Minsk, 2011: A Reply to Kathy Acker – Tobacco Factory Theatre, Bristol
To a lot of people, Minsk is where Phoebe’s scientist boyfriend goes off to work in an early series of Friends. The more politically aware may know more. As a collective, the audience at the Tobacco Factory Theatre are given the inside look. A scars ‘n’ all tour of the highs and lows of the Belarus capital and what life is like on the inside.
Belarus Free Theatre wants us to believe that Minsk is sexy. They are asking us to listen, watch, learn and dig deep. Dig beneath the ugly grey buildings, the nasty grey weather and the oppression that is slowly strangling the city.
Our first introduction to the cast sets the goal posts for the extremes we will experience. Each one has something to offer, from waving a flag, playing the flute or just clapping their hands. In time they each get carted off in a violent struggle. Even the discreet and the sly get taken in the end. There is no escape.
Belarus Free Theatre are physical both in body and voice. They fill the theatre with their cries, their songs and their stories. Each one has a story to tell and each story has a sting in its tail. The official stamp of approval over what is erotic. The thinly veiled propaganda of City Day. The terrorist attack on the newly built railway station. Each chapter gives the audience an insight into another grim reality.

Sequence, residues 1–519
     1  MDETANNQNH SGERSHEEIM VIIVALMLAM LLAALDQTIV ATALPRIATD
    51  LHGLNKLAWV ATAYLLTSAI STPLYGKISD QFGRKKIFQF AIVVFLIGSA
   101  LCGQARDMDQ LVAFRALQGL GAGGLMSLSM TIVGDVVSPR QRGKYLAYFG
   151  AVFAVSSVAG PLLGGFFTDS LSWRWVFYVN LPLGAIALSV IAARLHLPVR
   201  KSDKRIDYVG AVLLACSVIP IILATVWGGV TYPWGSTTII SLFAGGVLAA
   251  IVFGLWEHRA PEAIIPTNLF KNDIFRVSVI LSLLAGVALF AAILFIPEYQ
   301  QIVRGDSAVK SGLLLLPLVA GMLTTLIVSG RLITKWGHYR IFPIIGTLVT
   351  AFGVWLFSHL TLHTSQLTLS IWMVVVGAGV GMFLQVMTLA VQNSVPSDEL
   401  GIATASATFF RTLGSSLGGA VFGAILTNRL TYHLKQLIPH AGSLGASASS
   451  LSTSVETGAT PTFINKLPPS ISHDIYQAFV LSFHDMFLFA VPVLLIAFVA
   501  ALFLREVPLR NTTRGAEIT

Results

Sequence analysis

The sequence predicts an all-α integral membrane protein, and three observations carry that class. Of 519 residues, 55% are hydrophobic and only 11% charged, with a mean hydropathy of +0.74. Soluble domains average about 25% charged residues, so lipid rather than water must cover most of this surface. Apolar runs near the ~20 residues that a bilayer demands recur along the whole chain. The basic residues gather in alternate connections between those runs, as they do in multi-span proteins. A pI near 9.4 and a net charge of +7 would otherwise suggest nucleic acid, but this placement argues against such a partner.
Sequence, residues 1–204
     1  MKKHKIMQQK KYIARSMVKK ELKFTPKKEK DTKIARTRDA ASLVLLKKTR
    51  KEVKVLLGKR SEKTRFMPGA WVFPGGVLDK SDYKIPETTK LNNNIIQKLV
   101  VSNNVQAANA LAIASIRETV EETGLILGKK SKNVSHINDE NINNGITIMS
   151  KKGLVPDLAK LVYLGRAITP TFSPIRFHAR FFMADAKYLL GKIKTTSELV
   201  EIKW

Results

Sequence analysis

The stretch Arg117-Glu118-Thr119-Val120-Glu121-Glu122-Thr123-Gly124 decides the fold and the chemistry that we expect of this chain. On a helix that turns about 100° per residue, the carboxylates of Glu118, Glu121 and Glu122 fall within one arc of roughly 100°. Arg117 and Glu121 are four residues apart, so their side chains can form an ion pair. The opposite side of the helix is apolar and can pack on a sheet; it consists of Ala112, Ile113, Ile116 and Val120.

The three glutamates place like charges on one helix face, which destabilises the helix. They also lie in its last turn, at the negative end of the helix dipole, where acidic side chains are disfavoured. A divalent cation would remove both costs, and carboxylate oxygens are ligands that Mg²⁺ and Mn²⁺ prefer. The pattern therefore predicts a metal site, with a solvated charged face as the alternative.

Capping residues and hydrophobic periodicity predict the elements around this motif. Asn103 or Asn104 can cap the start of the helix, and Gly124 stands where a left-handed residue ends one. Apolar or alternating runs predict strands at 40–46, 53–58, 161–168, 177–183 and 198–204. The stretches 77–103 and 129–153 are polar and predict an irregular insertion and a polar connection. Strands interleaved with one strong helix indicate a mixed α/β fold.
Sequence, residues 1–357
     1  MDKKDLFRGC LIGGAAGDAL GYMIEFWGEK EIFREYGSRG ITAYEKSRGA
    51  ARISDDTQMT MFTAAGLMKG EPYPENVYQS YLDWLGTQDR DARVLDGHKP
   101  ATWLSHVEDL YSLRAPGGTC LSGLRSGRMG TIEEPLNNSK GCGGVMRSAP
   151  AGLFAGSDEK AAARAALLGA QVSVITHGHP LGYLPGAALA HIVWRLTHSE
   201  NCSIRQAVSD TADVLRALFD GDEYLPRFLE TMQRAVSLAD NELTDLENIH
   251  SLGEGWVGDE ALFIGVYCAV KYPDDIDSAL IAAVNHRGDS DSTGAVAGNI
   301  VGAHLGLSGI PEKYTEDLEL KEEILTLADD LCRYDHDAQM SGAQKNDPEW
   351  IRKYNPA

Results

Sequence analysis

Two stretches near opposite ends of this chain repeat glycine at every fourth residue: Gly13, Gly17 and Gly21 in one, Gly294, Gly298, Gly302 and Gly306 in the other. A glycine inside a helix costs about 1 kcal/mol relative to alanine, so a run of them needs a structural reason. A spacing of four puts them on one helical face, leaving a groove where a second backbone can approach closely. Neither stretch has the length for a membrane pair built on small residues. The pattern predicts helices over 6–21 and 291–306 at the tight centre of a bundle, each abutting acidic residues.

Another consequence of oppression is lack of education. Not just the school based kind – the fancy library is a haven for ‘housing sinners’ – but a general knowledge that we so often take for granted. Not knowing who Paul McCartney is in a lineup of the Beatles stands tall with the most horrific of stories. Herein lies the problem. We are the lucky ones. We know this and we are told early on. It’s screamed at us from all corners of the theatre. The revelation however is the light to balance their shade. The true beauty, the real power of this piece comes at the end and there are no gimmicks, no tricks in sight. Just love. Plain and simple and truly heart felt.
Belarus Free Theatre has created a piece that is not quite verbatim and more engaging than just purely being educational. What you learn about them as individuals, who they are and what they do is the true discovery. They are passionate. They are human. They deserve to be celebrated.
Shane Morgan, The Public Reviews, 26 May 2012